S631 - Real Dividend Yield


In the current era of meme stocks, it can be easy to forget that the underlying companies in the stock market are real businesses with real profits and cashflows—and that sometimes they choose to pay those cashflows out to investors in the form of dividends. Unlike earnings, which corporate accountants can easily manipulate, dividends are (mostly) paid in cash and so are hard to fake. If you compare how much a company is paying out in cold hard cash (dividends) relative to its stock price, you can figure out whether the stock is over or undervalued.

That’s what our featured indicator above does. It first computes the dividend yield of the S&P 500 stock index as a whole. This is done by taking the dividend per share of the index and dividing it by the price of the index. Displayed as a percentage, this can be thought of as the money the companies in the S&P 500 are paying to shareholders for owning the stocks relative to the index’s price.

But this indicator takes it one step further and then subtracts out the year-to-year change in the Consumer Price Index (CPI), a commonly followed measure of inflation. This is how we get the “real” in the real dividend yield moniker. Since dividends are a form of income for an investor, it makes sense to look at the dividend yield net of the loss to purchasing power that comes from inflation.

Here’s where it gets interesting. The analysis shows that, historically, when the real dividend yield gets above about 0.3%, it’s a sign that stocks are undervalued. In other words, the amount of income that investors are receiving from companies net of inflation is high relative to the price they are paying for the shares. Returns have been north of 10% per year, on average, for the S&P 500 index when the real dividend yield is at these levels.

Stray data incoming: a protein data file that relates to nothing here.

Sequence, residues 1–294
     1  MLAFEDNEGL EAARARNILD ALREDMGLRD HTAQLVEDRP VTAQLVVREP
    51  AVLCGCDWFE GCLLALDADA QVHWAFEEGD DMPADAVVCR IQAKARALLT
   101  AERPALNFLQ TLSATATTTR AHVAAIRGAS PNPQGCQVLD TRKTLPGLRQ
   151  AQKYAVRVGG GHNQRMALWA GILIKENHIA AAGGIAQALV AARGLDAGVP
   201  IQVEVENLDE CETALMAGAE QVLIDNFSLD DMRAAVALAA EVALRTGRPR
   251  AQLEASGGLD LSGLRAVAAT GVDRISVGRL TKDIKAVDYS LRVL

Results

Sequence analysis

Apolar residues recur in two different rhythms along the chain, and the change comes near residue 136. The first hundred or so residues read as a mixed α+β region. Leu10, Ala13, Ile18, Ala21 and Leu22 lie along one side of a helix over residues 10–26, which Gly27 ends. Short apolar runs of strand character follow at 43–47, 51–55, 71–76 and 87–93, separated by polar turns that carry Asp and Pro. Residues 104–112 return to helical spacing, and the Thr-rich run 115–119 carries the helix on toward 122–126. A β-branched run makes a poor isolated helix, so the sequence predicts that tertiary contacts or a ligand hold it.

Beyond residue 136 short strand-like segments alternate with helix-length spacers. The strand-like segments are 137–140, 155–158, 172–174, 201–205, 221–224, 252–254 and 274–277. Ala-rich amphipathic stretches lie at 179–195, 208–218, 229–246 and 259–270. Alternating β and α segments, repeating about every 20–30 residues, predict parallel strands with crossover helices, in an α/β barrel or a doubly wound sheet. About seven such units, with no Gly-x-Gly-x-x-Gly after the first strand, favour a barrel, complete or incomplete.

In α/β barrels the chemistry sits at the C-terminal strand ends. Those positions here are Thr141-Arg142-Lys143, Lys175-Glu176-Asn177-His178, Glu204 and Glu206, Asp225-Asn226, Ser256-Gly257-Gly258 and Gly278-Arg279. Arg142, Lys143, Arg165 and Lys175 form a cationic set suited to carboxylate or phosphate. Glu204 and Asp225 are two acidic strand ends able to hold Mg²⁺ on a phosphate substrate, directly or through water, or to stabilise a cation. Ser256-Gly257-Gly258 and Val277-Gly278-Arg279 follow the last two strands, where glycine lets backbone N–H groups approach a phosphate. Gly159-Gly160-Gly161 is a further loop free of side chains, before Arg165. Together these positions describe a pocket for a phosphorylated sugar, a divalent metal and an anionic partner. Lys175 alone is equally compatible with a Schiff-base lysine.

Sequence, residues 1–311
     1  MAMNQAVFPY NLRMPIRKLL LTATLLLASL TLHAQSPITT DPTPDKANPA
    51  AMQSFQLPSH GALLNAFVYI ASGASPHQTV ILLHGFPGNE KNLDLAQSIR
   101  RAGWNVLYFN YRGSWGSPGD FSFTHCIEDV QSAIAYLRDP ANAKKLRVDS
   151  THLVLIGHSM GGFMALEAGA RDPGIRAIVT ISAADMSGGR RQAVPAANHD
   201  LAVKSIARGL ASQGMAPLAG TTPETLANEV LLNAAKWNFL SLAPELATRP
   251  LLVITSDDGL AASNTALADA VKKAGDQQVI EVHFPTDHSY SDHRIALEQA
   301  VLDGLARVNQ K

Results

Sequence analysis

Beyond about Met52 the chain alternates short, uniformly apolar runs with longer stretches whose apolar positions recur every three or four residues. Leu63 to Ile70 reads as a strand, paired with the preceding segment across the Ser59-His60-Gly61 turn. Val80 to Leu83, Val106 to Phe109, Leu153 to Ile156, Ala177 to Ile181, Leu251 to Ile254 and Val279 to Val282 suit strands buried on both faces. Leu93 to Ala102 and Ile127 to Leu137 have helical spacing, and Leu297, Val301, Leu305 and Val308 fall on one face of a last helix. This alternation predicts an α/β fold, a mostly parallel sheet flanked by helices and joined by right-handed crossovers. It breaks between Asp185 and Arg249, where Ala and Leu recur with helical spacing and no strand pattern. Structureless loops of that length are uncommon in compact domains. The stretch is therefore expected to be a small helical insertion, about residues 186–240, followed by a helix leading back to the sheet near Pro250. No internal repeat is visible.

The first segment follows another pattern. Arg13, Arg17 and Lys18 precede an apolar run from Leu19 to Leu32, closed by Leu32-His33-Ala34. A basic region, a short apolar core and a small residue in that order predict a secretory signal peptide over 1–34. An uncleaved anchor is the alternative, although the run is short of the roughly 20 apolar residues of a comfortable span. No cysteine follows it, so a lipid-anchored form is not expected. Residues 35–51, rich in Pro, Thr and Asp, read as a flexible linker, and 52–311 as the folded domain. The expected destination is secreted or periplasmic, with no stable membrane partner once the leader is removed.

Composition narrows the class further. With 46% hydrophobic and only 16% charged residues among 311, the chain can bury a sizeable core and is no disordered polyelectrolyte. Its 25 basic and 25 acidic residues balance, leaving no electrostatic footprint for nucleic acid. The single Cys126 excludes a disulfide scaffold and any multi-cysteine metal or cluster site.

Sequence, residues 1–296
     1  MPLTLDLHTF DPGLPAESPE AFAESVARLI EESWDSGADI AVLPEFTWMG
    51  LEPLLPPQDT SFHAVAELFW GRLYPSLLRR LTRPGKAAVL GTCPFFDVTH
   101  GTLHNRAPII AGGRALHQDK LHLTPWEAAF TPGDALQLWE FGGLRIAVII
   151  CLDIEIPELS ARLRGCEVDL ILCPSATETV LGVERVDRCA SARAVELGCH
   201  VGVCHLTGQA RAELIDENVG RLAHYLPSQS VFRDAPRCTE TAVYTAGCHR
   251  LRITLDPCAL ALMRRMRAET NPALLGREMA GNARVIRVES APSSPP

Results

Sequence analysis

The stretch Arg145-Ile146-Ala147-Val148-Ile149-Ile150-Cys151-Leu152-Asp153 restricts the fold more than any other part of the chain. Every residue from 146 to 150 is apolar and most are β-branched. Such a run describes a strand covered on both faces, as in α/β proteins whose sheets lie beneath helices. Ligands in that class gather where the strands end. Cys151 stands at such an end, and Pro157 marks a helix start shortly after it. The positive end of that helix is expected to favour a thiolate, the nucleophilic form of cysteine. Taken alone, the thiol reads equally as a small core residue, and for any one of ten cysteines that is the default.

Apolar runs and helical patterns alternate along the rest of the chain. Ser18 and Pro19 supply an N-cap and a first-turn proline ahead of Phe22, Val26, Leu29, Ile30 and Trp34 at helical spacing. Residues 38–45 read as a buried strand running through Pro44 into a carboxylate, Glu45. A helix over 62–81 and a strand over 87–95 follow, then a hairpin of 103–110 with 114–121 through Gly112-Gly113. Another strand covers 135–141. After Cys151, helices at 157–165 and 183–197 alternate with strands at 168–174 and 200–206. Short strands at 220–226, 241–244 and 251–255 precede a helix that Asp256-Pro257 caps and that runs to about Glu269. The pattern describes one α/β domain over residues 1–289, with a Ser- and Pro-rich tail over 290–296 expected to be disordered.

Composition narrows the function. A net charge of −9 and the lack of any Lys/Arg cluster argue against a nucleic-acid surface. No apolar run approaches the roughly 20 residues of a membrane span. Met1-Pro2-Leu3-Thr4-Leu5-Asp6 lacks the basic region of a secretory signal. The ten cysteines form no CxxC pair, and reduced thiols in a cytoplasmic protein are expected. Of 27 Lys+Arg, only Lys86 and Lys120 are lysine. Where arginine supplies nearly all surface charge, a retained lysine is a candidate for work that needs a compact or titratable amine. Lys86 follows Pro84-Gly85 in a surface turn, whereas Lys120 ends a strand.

But it cuts both ways. When the real dividend yield falls below about -2%, it’s a sign that stock prices are much too high relative to the underlying dividends they are paying out net of inflation. Historically, going back to 1925, the S&P 500 has had negative returns, on average, when the real dividend yield is that low.

That’s what makes the most recent reading for the indicator so interesting. The dividend yield for the S&P 500 index has been steadily falling since March of last year and is currently about 1.4%. The most recent CPI release for May revealed an increase in inflation of 5% from a year ago. So, when we subtract this out of the S&P 500’s dividend yield of 1.4%, we get a real dividend yield of -3.6%. This is below the lower bracket line of -2%, indicating an overvalued market. Historically, returns have suffered at these levels, so this is certainly something to be aware of.


This is intended for informational purposes only and should not be used as the primary basis for an investment decision.  Consult an advisor for your personal situation.

Indices mentioned are unmanaged, do not incur fees, and cannot be invested into directly.

Past performance does not guarantee future results.